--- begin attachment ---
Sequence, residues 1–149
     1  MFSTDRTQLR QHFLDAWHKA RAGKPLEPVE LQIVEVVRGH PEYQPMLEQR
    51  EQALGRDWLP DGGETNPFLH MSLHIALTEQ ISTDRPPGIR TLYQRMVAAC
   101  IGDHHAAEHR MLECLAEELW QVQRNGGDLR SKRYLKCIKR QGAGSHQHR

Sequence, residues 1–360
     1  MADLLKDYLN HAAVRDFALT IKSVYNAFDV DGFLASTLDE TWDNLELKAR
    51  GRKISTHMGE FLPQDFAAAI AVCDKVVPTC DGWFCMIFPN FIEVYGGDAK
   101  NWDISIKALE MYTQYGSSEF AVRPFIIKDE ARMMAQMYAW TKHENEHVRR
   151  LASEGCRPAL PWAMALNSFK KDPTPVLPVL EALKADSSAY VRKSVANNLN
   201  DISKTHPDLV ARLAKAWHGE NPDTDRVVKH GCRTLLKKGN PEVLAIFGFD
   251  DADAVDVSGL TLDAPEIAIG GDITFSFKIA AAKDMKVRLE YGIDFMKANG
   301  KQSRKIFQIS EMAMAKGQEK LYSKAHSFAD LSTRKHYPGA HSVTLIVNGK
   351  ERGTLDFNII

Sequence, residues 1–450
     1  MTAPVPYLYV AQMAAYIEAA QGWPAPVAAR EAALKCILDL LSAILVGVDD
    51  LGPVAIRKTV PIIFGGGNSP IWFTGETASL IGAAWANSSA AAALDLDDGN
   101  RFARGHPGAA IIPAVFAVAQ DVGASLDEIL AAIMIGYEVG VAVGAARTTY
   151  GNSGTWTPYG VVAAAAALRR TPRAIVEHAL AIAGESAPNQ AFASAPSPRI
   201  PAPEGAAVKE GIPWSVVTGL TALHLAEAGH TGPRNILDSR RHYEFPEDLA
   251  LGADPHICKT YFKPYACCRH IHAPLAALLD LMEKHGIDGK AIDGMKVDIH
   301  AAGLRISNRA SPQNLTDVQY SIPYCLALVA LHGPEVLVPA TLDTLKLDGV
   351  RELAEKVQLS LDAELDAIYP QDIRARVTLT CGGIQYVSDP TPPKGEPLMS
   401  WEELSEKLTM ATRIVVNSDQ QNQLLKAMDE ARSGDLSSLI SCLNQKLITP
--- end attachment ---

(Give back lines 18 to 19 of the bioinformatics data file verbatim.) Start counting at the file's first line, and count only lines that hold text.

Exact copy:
   151  GNSGTWTPYG VVAAAAALRR TPRAIVEHAL AIAGESAPNQ AFASAPSPRI
   201  PAPEGAAVKE GIPWSVVTGL TALHLAEAGH TGPRNILDSR RHYEFPEDLA